Microsoft during its TechEd NA keynote, demonstrated how Windows 8's built-in hypervisor will allow developers to run an virtual instance of Windows 7 to test software on old and new versions of the popular Microsoft operating system.
The best part is that Windows 8 and Windows 7 could be split on the display screen so that the same app running on Windows 8 can be shown side-by-side with Windows 7.
"I find this exceedingly convenient. IT pros can check out how things work in different versions. You can now feel free in an enterprise to mix and match new Windows 8 tablets and PCs with older systems," Linda Averett, who heads program management for Microsoft's developer experience team stated.
A new image leadked today, claims shows the design of the Windows 8 Compatibility logo, also known as "certification artwork." As, you can see the image shows a number of different colors for the design, all of which have the official Windows 8 logo announced a few months back.
The logo seems to come in light blue, dark blue, purple and black versions. The logos also come in designs that have either a colored background and a white logo, or the other way around.
Winunleaked also claims it will also show the compatibility logos for Windows RT-based devices "soon".
Metro style apps are the focal point of the user experience on Windows 8 Release Preview. Great Metro style apps share an important set of design traits that provide a consistent, elegant, and compelling user experience.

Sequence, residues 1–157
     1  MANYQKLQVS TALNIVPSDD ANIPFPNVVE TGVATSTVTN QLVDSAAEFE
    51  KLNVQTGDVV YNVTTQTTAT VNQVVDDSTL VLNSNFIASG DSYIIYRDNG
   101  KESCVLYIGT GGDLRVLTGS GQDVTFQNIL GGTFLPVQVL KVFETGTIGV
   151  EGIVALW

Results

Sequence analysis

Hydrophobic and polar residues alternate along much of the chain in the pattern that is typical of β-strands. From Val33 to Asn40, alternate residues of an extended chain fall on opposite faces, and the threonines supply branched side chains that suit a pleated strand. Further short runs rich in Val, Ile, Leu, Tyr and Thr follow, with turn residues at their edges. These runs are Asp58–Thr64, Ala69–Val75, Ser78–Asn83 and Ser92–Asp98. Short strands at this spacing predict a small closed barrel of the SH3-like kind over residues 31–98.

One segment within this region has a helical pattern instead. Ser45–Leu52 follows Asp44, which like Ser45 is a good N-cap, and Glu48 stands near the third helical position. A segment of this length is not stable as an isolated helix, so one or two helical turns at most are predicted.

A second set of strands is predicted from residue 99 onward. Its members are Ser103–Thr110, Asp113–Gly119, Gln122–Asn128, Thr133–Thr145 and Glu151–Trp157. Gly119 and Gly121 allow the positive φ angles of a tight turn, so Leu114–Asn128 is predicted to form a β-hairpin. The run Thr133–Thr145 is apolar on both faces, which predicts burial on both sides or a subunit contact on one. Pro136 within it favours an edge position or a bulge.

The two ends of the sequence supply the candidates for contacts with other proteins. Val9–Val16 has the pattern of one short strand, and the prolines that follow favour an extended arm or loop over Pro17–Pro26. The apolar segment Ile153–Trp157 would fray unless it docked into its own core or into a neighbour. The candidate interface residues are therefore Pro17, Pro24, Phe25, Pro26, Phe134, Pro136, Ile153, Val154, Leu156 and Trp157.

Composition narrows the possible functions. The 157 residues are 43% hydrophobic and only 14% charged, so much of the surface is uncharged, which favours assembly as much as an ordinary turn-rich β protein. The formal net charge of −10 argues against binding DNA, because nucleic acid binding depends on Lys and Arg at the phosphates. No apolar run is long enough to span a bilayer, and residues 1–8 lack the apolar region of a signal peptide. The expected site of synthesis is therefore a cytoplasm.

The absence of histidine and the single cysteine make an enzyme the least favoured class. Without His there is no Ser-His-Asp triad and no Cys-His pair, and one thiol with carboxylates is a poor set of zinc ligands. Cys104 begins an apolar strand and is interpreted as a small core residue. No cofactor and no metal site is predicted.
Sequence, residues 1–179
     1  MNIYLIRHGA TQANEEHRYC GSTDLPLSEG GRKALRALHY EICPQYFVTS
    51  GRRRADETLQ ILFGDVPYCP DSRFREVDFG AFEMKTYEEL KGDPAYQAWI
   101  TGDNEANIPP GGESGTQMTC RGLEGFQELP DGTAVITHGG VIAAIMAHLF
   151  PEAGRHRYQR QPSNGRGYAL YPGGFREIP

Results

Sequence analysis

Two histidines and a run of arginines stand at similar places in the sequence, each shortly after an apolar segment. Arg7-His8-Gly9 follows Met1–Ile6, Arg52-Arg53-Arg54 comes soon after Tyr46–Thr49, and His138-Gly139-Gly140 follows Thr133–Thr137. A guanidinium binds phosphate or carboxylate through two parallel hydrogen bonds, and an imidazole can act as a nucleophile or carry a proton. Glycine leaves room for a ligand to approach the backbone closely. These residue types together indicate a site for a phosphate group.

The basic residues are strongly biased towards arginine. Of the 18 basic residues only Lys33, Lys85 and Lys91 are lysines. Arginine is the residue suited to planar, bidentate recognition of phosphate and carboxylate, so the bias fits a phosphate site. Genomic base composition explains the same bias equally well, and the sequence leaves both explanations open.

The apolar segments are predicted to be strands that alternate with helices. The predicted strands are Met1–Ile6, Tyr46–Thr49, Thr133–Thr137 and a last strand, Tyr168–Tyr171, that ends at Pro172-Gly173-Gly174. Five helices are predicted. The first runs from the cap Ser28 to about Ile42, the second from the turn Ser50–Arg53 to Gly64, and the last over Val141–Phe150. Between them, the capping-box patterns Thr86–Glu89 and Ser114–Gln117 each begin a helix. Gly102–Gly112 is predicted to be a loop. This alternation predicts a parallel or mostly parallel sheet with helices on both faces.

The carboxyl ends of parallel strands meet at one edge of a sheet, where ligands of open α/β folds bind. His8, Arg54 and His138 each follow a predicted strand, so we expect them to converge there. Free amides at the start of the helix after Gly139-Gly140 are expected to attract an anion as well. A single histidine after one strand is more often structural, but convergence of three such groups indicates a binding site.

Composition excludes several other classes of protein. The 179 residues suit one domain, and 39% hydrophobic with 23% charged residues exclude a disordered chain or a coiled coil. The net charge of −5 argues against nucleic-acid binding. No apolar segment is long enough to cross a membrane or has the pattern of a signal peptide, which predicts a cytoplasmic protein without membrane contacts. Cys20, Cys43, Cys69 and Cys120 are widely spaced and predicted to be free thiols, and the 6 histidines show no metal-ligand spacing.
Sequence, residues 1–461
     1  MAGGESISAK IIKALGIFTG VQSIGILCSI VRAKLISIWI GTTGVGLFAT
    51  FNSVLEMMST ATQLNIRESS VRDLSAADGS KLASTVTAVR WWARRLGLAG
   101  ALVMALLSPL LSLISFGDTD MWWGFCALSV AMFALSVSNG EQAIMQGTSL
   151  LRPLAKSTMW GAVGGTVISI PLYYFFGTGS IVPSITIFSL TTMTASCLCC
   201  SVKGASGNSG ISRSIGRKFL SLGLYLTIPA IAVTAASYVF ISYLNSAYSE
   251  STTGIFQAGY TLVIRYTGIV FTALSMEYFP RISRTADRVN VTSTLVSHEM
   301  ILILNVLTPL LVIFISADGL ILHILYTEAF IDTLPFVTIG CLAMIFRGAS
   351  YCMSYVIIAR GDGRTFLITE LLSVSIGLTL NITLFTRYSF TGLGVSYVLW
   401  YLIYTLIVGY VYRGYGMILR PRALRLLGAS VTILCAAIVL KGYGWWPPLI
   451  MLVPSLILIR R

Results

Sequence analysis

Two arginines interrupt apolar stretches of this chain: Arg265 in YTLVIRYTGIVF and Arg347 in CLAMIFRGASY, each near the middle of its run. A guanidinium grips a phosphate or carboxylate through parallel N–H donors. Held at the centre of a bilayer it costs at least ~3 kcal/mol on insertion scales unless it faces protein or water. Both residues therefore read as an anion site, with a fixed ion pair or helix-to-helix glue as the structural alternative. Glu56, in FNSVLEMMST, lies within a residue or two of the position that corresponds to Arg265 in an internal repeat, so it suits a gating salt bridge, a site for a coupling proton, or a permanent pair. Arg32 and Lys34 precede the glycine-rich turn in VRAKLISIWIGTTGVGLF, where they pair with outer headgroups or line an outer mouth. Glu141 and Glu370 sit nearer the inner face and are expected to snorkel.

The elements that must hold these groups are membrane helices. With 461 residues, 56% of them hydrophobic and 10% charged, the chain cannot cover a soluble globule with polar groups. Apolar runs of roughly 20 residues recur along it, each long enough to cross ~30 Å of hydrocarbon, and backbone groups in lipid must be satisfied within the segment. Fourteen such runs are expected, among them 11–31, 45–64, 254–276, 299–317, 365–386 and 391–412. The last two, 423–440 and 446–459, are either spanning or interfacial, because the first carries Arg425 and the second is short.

If you are a developer or designer creating a new user experience for your Metro style app and you want to learn how to get started, Microsoft is hosting a free virtual training dubbed "Windows 8 UX fundamentals - free virtual training."
"On 14th June from 9am to 5.30pm PST, the Windows User Experience team is running sessions on how to design great apps that use the platform in cool ways and follow UX guidelines," James Senior on Windows 8 app developer blog announced.
After the training, "you'll be able to design and build experiences that follow the tenants of great apps, use intuitive information architecture patterns, and use best practices for designing flexible layouts, touch, contracts, and much more," he said. Check the schedule below:
- Embracing Metro style design - the principles of designing for Windows 8
- Less is more: Commanding, information architecture and navigation
- Be fast and fluid: Designing for touch, mouse and keyboard
- Be fast and fluid: Animations
- Snap and scale beautifully: Designing apps with adaptive layouts
- Using the right contracts
- Connected and alive - how to design great tiles and notifications
- Anatomy of an app: case study